HARC Pregnancy Results & Possible Mineral Deficiency
This morning I called Teddy and asked him to drive us up to Holeta. We got a late start and hit bad traffic, so even though I had scheduled in an hour buffer, we were still half an hour late arriving. I like to be on time, but here in Ethiopia punctuality is not really expected, or even possible. When we reached HARC we had to negotiate with the guard for five minutes before he would let us in. He just kept shaking his head and saying no. It was as if he couldn’t understand what Teddy was telling him or he didn’t know who Dr. Aster was. Getting out after our work was done was almost as bad. When we arrived at the gate, it was partially closed, so Teddy honked for him to come. We waited awhile and then honked again. After waiting a bit longer and still not seeing anyone, I just jumped out and opened the gate. As we were pulling through, the guard finally appeared and gave us quite a tongue lashing for opening the gate ourselves. I guess there is quite a problem with stealing in Ethiopia, so he has to inspect each vehicle as it leaves to make sure we are not carrying something off.
I was excited to talk with Dr. Aster and see how everything was going. The seven fresh embryos that we implanted at HARC only yielded one pregnancy (14%). Their subsequent attempt to synchronize embryo recipients for their flush in December had similar poor results. They set up 21 recipients but only had 13 show heat and only 2 of them were usable as recipients. On the other hand, the donors responded well and both produced embryos. As we analyzed the situation, it became apparent that there may be a mineral deficiency at HARC. The donors receive more of the concentrate feed which has minerals in it, while the recipients do not. At DZARC the recipients have also been receiving the concentrate, and are in better body condition. I will be working with them to correct this problem before we implant any of our frozen embryos from the U.S.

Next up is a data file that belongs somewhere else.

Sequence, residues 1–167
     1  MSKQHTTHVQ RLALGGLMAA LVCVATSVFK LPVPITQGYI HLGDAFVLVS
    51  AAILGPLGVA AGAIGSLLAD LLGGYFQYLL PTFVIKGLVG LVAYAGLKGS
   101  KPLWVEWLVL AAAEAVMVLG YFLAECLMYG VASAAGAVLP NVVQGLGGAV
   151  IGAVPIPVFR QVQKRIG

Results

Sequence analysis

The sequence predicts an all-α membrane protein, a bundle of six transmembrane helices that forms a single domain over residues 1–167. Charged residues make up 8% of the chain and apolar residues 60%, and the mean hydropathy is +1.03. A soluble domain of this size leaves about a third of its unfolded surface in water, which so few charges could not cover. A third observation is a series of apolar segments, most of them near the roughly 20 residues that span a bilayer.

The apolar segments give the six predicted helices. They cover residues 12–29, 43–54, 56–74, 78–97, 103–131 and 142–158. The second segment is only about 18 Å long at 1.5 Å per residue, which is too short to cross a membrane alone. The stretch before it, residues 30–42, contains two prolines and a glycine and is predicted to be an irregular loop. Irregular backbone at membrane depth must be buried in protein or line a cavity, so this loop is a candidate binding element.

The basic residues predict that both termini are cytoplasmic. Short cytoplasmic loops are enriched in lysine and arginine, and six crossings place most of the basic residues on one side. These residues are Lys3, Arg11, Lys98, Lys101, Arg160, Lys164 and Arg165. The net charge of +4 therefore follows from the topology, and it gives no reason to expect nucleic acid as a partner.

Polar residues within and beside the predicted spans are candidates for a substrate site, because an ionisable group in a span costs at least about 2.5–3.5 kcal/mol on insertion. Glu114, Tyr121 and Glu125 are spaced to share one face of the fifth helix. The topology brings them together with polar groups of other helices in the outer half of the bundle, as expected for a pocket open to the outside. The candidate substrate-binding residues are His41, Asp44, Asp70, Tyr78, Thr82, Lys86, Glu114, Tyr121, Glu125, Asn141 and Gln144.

We gave Emilion, a researcher working on a PHD, a ride back to his home in Addis. He is doing work on synchronization so we will be able to work together on this project. A little while later, I went with Lloyd and Worknesh to meet with Dr. Solomon, who is going to help Lloyd get the import permits to bring the fruit trees into the country. It was great to see him. He is so enthusiastic and grateful for what we are doing here in Ethiopia. It inspires me to want to work even harder. He invited us to dinner next Wednesday night. The thought came to me to give him a symbolic gift, so as we were leaving I said, “Dr. Solomon, most of the farmers in the United States carry a pocket knife. I am giving you this one to show our appreciation to you, for allowing us to bring some American ways of farming to Ethiopia.” He was very pleased to accept it.
This evening Joseph, Evan and I made Spanish tortillas for everyone for dinner. One nice thing about living in the office/home is that we get to cook our own meals, which makes things much easier on our digestive systems. ;)